Bird Songs Mean Springtime
by Ro Wauer
It takes only a few sunny days to encourage our songbirds to begin singing. Even some of our wintertime-only species get the urge, although their songs are less emphatic and never as complete as they are on their breeding grounds later in spring. But our full time residents already are actively singing, some on a territory they will begin defending as the season progresses. Even if you are not an active birder, you are likely to recognize most of the resident's songs.
For instance, the cardinal's songs are loud and distinct, usually described as "wheer, wheer, wheer" or "hew hew hew." Some of the cardinal's notes can be similar to those of Carolina wren's. But the Carolina wren's song can be so varied that it can be confusing. Just in my yard I have heard them singing the typical "tea-kettle" song, while a few minutes later they will give a "wheedle, wheedle, wheedle" or "goad-it, goad, goad-it." It often takes a very discerning ear to recognize a Carolina wren. Of course, the songs of Carolina chickadees and tufted titmice are reasonably easy, "chick-a-dee-dee-dee" and "peter-peter-peter," respectively.
Some of the other easy to recognize songs include the killdeer's "kill-dee," the crow's "caw," the blue jay's "jay" or "thief," the white-eyed vireo's "chick-a-per-weeoo-chick," and the mockingbird's various and extensive singing. The mockingbird's repertoir can contain a weird assortment of notes, and often contains those of other birds. For the most part, folks know more bird songs than they usually give themselves credit for knowing. But as the spring progresses and we begin to hear songs from some of the returning nesters and migrants that are just passing through, it can get rather complicated.
I must admit that, in spite of spending the last 40 years watching and listening to birds, I find myself relearning some bird songs every spring. Some of the songs are easy to remember one season to the next, but others are more difficult. Certainly, hearing the first warble-song of a returning purple martin or a chipping song of a chimney swift is no problem. But migrating warblers often are more difficult.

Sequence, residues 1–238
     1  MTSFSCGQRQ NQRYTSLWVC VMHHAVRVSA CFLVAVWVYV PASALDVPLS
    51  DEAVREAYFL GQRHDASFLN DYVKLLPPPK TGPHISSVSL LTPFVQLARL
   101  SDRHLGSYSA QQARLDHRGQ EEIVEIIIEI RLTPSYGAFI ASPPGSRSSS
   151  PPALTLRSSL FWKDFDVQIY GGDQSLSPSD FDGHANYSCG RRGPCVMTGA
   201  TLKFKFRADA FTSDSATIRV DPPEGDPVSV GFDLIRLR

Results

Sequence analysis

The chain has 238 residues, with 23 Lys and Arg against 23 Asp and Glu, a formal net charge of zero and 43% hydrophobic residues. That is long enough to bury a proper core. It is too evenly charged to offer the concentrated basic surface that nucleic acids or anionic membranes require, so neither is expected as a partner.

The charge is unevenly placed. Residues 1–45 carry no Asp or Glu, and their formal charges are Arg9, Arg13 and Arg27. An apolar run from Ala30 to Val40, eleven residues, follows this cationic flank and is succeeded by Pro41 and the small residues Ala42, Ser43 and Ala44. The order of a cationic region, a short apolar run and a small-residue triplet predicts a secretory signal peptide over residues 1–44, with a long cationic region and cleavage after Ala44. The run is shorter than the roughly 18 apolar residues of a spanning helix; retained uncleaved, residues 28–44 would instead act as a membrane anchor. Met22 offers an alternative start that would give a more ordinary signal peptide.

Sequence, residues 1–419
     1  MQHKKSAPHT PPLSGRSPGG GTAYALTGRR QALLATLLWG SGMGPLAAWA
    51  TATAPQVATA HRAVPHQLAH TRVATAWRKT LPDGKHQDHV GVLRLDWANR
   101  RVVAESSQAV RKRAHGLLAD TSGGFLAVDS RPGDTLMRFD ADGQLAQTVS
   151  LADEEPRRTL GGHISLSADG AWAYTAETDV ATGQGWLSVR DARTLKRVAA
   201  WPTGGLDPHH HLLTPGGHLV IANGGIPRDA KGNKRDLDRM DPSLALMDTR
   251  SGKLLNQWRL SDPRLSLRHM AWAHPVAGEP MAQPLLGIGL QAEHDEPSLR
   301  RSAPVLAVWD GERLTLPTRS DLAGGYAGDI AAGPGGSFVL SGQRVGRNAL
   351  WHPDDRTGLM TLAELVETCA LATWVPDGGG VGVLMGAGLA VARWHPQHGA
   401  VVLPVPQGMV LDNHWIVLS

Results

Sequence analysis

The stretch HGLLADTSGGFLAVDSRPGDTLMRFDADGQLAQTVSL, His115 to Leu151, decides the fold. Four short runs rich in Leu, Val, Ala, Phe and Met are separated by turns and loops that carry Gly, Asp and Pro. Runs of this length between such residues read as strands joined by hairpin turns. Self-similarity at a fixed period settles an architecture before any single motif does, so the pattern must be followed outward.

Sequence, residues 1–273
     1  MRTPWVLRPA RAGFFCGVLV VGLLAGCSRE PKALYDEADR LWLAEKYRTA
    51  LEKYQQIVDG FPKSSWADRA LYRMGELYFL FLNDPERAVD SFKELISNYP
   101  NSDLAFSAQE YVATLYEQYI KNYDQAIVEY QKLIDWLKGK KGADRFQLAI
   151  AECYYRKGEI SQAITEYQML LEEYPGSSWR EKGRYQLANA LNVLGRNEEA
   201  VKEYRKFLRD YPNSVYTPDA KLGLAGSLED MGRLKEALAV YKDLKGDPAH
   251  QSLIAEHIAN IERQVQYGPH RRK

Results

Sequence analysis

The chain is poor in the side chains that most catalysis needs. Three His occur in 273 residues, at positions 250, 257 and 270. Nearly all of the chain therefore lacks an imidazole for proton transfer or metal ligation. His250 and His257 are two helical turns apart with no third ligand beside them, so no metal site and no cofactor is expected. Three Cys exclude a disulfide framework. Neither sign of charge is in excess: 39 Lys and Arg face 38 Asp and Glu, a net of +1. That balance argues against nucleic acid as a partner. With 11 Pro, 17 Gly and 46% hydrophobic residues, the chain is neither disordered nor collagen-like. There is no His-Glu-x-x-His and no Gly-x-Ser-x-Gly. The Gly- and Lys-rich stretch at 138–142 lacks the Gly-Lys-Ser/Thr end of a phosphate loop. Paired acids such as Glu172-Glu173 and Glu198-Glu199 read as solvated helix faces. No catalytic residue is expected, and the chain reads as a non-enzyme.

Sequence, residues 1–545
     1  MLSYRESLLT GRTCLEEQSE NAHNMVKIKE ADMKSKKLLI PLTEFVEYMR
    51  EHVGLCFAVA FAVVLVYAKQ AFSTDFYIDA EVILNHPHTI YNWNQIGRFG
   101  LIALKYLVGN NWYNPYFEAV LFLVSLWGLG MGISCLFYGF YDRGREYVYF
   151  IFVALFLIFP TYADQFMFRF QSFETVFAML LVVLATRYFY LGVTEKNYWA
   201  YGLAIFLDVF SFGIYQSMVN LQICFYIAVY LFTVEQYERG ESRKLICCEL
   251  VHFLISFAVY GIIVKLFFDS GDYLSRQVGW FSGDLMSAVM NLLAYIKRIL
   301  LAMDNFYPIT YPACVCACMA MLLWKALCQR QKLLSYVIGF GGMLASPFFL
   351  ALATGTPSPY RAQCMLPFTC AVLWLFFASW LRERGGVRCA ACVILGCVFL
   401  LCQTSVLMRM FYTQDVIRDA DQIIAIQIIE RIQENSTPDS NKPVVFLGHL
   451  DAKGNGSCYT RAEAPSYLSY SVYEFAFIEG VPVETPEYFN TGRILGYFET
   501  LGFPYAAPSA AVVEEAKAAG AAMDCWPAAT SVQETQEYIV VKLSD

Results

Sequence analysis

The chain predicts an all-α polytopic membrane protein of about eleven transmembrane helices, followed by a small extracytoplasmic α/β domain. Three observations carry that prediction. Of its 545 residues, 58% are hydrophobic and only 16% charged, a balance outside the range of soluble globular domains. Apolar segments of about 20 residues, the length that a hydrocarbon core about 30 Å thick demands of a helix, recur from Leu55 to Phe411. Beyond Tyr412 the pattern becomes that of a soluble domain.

Learning bird songs is easiest when accompanying an experienced birder in the field. He/she can point out the various songs, providing truly important insight into the world of birdsong. Some folks learn bird songs very well from CDs or tapes, and with the current technology, one can actually take the sounds into the field. But it is still a matter of targeting the individual to learn its particular song.
When asked about how best to go about learning bird songs, the key answer is repetition. See the bird and hear its song over and over again. Sometimes the use of mnemonics, the act of translating the sounds into human speech, works. "Bob-white," "kill-deer," "whip-poor-will," and "chick-a-dee" are easy. But others songs are less workable. And although some birding experts never utilize mnemonics, I find it very useful. It at least makes one listen to the bird's song, and forces one to separate phrases or syllables into some sort of order. And it can also be fun. Making up your own renditions can actually enhance the learning process.
However, lots of folks who love the outdoors and listen to birdsongs and enjoy the various seasons, never care about learning the birds. Although those of us who study birds and do annual surveys to better understand birds and the changing environment, must know the songs, others can appreciate our natural resources without the identity of the birds. More power to them!